Lestreids pagriežās pret Holmsu un saka:
11:35
"We're not jealous of you, Mr. Holmes.
„Mēs neapskaužam Jūs, Holmsa kungs,
11:38
We're proud of you."
mēs ar Jums lepojamies.”
11:43
And he says that there's not a man at Scotland Yard
Un viņš saka, ka visā Skotlendjardā nav cilvēka,
11:46
who wouldn't want to shake Sherlock Holmes' hand.
kas negribētu paspiest Šerloka Holmsa roku.
11:48
It's one of the few times we see Holmes moved
Tā ir viena no retajām reizēm,
kad Holmss ir aizkustināts
11:51
in the mysteries, and I find it very moving,
un man šī mazā ainiņa liekas brīnišķīga,
11:54
this little scene, but it's also mysterious, right?
bet tā ir arī neizprotama, vai ne?
11:56
It seems to treat jealousy
Liekas, ka tajā greizsirdība tiek uztverta
11:59
as a problem of geometry, not emotion.
kā ģeometrijas, nevis emociju problēma.
12:01
You know, one minute Holmes is on the other side from Lestrade.
Vienā mirklī Holmss ir Lestreidam pretējā pusē,
12:04
The next minute they're on the same side.
un nākamajā mirklī viņi jau ir vienā pusē.
12:06
Suddenly, Lestrade is letting himself
Pēkšņi Lestreids sev atļauj
12:08
admire this mind that he's resented.
apbrīnot to pašu prātu, ko viņš tik ilgi ir nīdis.
12:10
Could it be so simple though?
Vai tas varētu būt tik vienkārši?
12:13
What if jealousy really is a matter of geometry,
Ja nu greizsirdība ir ģeometrijas jautājums?
12:15
just a matter of where we allow ourselves to stand
Jautājums vienīgi par to, kur mēs sevi
12:18
in relation to another?
novietojam attiecībā pret citiem.
12:22
Well, maybe then we wouldn't have to resent
Iespējams, tad mums nebūtu jānīst
12:24
somebody's excellence.
kāda cita izcilums.
12:26
We could align ourselves with it.
Mēs varētu pievienoties tam.
12:28
But I like contingency plans.
bet man patīk rezerves plāni.
12:31
So while we wait for that to happen,
Tādēļ, gaidot, kamēr mēs pievienosimies izcilībai,
12:33
let us remember that we have fiction for consolation.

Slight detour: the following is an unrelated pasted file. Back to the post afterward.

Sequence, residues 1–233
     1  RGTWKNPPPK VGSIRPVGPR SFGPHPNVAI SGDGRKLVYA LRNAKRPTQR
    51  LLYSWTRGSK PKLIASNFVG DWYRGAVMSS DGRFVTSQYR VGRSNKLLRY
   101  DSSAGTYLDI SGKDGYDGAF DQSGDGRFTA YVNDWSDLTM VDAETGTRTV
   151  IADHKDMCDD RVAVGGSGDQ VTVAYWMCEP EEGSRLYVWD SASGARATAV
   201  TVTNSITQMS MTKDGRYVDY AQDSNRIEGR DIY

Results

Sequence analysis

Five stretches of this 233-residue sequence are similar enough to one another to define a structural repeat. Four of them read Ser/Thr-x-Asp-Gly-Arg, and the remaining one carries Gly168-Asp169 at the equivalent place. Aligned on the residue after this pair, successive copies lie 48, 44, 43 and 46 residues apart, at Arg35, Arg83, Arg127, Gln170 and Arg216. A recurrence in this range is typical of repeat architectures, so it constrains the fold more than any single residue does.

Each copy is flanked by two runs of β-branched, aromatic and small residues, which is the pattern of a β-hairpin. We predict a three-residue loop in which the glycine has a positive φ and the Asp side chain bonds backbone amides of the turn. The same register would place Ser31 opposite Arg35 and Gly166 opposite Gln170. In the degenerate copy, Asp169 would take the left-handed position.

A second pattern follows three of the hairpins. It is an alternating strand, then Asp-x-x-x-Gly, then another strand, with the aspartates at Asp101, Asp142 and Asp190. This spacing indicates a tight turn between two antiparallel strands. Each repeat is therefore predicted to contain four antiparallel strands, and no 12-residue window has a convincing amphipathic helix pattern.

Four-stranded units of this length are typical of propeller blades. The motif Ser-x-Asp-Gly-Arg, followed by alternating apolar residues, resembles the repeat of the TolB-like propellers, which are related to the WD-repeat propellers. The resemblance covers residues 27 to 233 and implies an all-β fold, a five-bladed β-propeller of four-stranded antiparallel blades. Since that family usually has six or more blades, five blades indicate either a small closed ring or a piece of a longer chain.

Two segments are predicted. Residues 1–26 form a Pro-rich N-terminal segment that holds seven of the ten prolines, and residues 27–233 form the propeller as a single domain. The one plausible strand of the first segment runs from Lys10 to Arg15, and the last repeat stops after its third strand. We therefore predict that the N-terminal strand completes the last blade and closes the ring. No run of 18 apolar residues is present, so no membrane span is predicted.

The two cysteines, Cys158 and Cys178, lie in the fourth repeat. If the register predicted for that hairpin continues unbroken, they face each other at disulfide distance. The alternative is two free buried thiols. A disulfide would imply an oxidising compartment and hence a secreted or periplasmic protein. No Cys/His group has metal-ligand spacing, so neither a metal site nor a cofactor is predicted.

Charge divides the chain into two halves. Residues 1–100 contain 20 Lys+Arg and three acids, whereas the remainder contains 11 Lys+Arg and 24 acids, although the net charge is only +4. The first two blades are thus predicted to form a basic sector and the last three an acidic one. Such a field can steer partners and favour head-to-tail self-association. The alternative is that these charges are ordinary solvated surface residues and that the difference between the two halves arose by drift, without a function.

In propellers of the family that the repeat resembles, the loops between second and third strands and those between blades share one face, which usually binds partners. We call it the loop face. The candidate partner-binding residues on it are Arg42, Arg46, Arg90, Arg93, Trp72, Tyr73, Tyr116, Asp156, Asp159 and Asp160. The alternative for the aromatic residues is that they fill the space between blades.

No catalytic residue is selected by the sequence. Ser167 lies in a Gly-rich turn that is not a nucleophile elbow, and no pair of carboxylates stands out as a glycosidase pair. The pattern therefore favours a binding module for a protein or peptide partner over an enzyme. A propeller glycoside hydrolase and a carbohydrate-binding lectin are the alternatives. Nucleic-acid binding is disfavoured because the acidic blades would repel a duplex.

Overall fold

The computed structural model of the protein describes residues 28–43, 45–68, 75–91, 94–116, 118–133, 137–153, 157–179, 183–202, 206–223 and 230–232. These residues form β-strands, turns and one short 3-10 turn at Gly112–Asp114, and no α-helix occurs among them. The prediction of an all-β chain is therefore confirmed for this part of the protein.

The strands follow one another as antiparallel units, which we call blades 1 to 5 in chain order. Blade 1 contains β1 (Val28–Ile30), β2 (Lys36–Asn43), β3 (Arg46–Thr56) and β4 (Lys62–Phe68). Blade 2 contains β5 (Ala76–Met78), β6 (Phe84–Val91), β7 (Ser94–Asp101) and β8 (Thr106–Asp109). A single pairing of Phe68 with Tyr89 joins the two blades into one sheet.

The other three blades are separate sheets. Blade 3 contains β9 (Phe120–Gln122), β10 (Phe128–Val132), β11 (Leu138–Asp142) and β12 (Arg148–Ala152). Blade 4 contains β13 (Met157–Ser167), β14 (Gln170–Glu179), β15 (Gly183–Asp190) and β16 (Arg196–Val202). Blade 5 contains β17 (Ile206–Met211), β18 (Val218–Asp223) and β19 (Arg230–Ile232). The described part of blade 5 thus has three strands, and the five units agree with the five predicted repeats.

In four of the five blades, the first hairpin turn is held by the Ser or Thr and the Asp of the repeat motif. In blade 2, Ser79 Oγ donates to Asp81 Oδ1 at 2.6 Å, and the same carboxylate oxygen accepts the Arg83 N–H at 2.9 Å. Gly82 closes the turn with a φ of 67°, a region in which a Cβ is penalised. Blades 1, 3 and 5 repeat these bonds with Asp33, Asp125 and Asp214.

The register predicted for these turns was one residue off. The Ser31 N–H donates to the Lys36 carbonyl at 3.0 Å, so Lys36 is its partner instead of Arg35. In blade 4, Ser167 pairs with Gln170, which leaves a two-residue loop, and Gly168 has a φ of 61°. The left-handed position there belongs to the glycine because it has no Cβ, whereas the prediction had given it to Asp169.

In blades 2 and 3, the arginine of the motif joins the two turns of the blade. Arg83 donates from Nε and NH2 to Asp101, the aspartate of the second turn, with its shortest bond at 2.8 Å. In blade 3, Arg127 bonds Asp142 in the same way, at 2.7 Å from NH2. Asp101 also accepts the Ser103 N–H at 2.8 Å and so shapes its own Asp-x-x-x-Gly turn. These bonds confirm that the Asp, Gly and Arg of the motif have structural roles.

neaizmirsīsim, ka mums kā mierinājums
var kalpot daiļliteratūra.
12:36
Fiction alone demystifies jealousy.
Daiļliteratūra vien padara greizsirdību
mazāk noslēpumainu.
12:38
Fiction alone domesticates it,
Daiļliteratūra to pieradina,
12:41
invites it to the table.
aicina sēsties pie pārrunu galda.
12:43
And look who it gathers:
Skat, kas atsaucas aicinājumam:
12:45
sweet Lestrade, terrifying Tom Ripley,
jaukais Lestreids, šausminošais Toms Riplijs,
12:47
crazy Swann, Marcel Proust himself.
trakais Svans un pats Marsels Prusts.
12:51
We are in excellent company.
Mums ir izcila kompānija.
12:55
Thank you.
Paldies
12:57
(Applause)
(Aplausi)
12:59
Translated by Rudite Spakovska
Reviewed by Kristaps Kadiķis

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About the speaker:

Parul Sehgal - Literary critic
Parul Sehgal is an editor for "The New York Times Book Review."

Why you should listen

"No scorn, no condescension. We read first for distraction then consolation then for company. And finally to be worthy of the company we kept," writes literary critic Parul Sehgal, whose reviews are as delicious and delightful as the books themselves. Sehgal is an editor at The New York Times Book Review. Previously the Books Editor at NPR.org and the Senior Editor at Publisher's Weekly, Sehgal is the recipient of the 2010 Nona Balakian Citation for Excellence in Reviewing and the 2008 Pan African Literary Forum’s OneWorld Prize for fiction. She lives in New York City.

More profile about the speaker
Parul Sehgal | Speaker | TED.com